The Making of Blob Attack


Code by JO3RI

Art by Castpixel


The first time I played Puyo Pop, was on my Nintendo GameCube. I did try the game on other systems too, but the GameCube version will stay my favorite. I do hope to honor the original creator (Masamitsu "Moo" Niitani, the founder of Compile) with this game.


While Blob Attack, feels like the original, it isn’t a copy. First of all, I doesn’t do 2 player mode. Not even man VS cpu. My game is more like Dr Mario, where you play on your own, trying to clear the field.


At first I did start making a 2 player game for the Video Game Shield. It is only after making Blocks, I knew how I had to set up a playfield and move tiles around it. Using everything I learned at making Blocks, I doubled the playfield and all other parts for Blob Attack.


BUT I ran into a buffer overflow. Back then, I didn’t have a clue on what was happening, nor did I know how to shrink the ram I used. So I gave up, thinking I would restart coding once I would have learned more on the subject.


After converting Shadow Runner to Arduboy, Blob Attack felled like it would be a perfect second game. This time I decided to go for a 1 player version, with success. To be honest, doing so, reduced ram significantly and solved my problem, without the need to solve the real problem in the first place. But I had a working game. ;-)


Actually, when I restarted coding the game, I was surprised on how far I already had gotten. The only parts that needed to be worked on where: dropping only one blob in a duo when the blobs fall partially on an other blob, removing blobs when a group is made and dropping the remaining blobs when holes are created by removing groups.


On the manual page you can read all about scoring, combination possibilities and chaining to get even higher scores. If you want to know some more on grid based puzzle games, you should also check the technical page of begemmed. It uses the same technique.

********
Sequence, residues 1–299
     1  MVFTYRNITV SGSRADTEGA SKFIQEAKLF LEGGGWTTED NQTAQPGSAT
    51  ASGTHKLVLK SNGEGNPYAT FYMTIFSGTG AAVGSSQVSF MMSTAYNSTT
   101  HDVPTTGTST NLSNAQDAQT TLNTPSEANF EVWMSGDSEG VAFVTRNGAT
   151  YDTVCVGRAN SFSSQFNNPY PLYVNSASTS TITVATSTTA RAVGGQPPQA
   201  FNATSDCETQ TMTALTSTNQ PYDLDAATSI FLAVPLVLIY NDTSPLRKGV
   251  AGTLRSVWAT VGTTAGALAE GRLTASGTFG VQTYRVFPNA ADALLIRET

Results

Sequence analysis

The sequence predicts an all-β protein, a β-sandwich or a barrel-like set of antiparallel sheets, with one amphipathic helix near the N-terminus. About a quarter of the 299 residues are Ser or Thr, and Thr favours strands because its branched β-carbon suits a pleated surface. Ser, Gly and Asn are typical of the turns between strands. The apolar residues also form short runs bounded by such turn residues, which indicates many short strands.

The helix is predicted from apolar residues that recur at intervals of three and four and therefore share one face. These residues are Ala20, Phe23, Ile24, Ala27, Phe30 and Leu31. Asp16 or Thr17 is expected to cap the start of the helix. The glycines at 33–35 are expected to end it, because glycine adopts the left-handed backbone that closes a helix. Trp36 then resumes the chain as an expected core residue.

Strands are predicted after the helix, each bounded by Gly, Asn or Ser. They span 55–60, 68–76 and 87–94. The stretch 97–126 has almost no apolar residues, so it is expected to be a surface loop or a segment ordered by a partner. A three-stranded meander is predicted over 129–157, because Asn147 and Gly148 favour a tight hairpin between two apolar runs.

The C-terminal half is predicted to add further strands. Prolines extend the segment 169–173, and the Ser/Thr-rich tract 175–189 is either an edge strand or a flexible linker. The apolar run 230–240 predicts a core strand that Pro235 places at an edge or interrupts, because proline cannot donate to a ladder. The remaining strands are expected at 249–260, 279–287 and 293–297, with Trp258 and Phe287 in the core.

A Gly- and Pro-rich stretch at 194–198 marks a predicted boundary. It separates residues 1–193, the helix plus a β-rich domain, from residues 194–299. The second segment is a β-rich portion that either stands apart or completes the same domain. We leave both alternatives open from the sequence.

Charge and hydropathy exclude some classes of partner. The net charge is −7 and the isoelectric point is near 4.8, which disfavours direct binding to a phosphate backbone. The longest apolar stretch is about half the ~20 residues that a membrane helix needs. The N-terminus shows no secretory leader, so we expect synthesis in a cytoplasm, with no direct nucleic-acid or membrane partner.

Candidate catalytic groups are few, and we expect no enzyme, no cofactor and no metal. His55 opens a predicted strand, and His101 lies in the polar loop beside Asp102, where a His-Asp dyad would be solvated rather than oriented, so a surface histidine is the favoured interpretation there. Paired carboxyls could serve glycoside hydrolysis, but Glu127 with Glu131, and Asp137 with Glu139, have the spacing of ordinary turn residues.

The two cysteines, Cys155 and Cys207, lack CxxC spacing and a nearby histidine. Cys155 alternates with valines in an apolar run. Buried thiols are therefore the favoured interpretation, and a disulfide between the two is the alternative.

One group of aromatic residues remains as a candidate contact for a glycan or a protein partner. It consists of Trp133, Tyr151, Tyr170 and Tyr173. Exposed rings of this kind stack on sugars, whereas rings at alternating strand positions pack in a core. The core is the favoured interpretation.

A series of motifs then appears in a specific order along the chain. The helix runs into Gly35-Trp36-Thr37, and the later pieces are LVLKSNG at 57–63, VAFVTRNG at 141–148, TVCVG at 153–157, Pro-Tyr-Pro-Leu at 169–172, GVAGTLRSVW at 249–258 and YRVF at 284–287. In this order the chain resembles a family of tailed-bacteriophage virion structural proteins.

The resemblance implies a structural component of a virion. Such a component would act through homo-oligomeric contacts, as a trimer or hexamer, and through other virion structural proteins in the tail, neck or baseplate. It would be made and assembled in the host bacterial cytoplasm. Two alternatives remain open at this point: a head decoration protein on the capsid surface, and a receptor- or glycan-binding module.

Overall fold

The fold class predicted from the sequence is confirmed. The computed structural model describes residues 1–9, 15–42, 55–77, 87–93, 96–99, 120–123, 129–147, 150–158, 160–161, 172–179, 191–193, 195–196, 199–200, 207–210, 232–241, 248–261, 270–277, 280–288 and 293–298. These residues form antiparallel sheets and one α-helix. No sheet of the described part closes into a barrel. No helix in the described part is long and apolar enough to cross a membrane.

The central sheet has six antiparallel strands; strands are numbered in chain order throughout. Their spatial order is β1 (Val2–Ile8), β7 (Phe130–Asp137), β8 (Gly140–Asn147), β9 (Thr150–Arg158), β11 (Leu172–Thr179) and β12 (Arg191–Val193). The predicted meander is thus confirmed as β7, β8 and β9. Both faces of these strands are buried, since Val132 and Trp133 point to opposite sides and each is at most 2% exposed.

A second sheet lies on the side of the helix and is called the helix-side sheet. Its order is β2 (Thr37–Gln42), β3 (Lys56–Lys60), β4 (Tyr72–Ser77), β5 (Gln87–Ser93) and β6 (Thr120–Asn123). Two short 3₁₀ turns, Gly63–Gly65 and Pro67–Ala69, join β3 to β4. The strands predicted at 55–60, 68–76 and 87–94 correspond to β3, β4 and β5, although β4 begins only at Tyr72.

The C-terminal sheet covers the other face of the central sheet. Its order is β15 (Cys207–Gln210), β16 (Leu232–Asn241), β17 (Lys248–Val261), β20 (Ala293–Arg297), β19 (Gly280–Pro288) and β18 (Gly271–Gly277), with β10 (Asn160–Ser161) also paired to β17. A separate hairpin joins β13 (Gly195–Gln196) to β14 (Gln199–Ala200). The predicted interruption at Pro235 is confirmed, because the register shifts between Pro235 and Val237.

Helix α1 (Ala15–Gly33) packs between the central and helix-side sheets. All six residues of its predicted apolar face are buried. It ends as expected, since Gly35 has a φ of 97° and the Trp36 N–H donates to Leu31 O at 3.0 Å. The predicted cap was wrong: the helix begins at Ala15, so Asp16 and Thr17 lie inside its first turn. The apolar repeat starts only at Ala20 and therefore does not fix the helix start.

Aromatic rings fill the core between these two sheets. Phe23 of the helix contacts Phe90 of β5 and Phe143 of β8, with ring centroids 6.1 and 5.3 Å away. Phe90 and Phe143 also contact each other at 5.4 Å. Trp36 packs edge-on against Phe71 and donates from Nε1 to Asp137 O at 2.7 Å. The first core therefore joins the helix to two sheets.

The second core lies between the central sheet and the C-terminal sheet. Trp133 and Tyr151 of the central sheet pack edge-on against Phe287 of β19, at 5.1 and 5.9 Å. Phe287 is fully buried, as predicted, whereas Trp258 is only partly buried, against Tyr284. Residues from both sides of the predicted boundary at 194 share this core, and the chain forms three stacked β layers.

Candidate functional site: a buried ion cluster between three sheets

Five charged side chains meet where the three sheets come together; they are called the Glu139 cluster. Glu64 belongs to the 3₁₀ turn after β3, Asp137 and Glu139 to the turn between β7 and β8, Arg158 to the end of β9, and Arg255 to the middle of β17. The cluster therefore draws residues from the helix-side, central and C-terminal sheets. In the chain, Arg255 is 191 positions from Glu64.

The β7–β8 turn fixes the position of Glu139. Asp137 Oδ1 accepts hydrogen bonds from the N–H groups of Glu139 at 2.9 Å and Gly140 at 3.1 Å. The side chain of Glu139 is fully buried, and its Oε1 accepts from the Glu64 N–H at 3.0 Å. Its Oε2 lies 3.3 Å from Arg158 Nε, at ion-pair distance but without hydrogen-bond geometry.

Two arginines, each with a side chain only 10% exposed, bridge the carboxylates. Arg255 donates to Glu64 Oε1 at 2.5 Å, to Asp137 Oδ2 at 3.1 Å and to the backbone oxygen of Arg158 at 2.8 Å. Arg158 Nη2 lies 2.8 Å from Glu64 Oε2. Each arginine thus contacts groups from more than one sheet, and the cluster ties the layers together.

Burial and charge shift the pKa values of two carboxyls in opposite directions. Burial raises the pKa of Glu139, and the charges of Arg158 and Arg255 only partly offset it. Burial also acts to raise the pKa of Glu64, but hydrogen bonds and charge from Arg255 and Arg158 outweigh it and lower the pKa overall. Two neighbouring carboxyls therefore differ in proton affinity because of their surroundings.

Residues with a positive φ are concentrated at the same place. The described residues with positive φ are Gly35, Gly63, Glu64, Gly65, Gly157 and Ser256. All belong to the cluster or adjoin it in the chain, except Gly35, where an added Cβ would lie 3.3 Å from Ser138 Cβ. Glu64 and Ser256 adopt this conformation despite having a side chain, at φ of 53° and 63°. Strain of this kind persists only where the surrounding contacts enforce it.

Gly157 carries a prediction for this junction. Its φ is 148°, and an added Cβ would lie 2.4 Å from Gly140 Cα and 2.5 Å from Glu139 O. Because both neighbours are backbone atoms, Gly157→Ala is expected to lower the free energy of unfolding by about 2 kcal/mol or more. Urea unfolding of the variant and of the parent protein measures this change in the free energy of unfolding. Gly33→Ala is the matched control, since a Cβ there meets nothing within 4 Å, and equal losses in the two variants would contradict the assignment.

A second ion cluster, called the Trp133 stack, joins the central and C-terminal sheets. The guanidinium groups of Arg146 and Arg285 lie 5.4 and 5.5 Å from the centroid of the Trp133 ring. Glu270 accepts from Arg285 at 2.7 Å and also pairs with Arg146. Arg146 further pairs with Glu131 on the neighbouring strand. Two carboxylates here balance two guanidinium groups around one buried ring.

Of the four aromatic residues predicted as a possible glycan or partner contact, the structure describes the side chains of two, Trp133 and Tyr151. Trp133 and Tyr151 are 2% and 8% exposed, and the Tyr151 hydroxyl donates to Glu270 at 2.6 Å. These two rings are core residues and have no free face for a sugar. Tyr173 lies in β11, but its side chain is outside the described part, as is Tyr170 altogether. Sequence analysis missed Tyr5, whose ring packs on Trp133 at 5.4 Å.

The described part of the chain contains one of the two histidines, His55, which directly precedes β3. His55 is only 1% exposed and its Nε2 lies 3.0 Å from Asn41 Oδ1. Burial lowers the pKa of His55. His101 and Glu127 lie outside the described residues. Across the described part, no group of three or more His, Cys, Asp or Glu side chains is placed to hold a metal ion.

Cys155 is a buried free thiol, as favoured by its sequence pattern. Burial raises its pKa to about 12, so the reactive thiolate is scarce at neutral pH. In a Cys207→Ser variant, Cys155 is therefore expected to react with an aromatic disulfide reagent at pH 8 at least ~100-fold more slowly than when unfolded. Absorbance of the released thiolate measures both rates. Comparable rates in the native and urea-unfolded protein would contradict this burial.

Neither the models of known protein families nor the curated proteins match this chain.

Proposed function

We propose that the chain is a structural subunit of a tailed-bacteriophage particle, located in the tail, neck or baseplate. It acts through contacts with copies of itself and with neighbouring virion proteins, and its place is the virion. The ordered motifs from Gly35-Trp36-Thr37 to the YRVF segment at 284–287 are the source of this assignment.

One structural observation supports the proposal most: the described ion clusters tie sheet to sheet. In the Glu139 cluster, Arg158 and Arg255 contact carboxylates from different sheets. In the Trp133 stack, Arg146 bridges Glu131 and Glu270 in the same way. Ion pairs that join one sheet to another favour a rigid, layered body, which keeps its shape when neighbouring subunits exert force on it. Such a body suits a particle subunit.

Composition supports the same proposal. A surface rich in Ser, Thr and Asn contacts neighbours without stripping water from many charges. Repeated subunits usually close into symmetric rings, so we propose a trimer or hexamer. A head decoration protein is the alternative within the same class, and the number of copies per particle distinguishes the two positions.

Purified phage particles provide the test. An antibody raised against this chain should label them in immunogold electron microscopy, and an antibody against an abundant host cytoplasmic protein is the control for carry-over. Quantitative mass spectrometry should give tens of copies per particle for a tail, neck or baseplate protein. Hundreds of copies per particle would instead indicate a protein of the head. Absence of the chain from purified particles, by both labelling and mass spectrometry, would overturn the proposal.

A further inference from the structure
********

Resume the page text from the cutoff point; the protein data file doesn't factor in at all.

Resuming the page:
Basically you have a grid representing the playfield. Each place in that field has an X and a Y coordinate and can hold one blob number.


So when using int Field[x][y]; you can actually store a number on the grid. That number represents one of the 5 blobs. 0 = no blob.


Field [3][4] = 2; means that on the grid, on column 3 and row 4 we put blob number 2.

A smaller grid 3x3 represents the two blobs. But this time we only store the blob number in the 3x3 grid and move the complete grid at once. We use int blobsXY holding x and y for the small grid, positioned on top of the playfield grid. Position 0,2,6 and 8 in our small grid will always be empty. The middle blob will never rotate and the blob starting on position 1 can move to 5, 7,3. Doing so, makes the blobs rotate. This is simple done by copying the blob to the next position and clearing it from the current position, all within that small grid.

int Blobs[] ={          int Blobs[] ={          int Blobs[] ={          int Blobs[] ={

     0, 3, 0,                   0, 0, 0,                   0, 0, 0,                   0, 0, 0,

     0, 2, 0,                   0, 2, 3,                   0, 2, 0,                   3, 2, 0,

     0, 0, 0,                   0, 0, 0,                   0, 3, 0,                   0, 0, 0,

};                            };                            };                            };

Gameplay is nothing more than comparing the small grid to the big grid. If the big grid has empty places, the blobs in the small grid can be moved or rotated. Once a blob hits “ground” or stops on top of an other blob, the game checks if you made certain groups of blobs, by comparing neighboring grid places (do both places have the same blob).

For checking combinations of the same blob, we use a “flag field”. In a small loop we check certain combinations, like “four in a square” or “four in a column” or “four in a row” or others. If the check returns true, those places get flagged in a “flag-grid”. Once all those checks are done (return false), we compare the “flag-grid” to our playfield grid. Wherever there is a flag, the blob in the playfield will be cleared. (set blob number to 0)

If you do so multiple times, you can create chain reactions, which will give you a higher scores. Now try to get the highest score possible, by setting up stairs, which will trigger those chain reactions.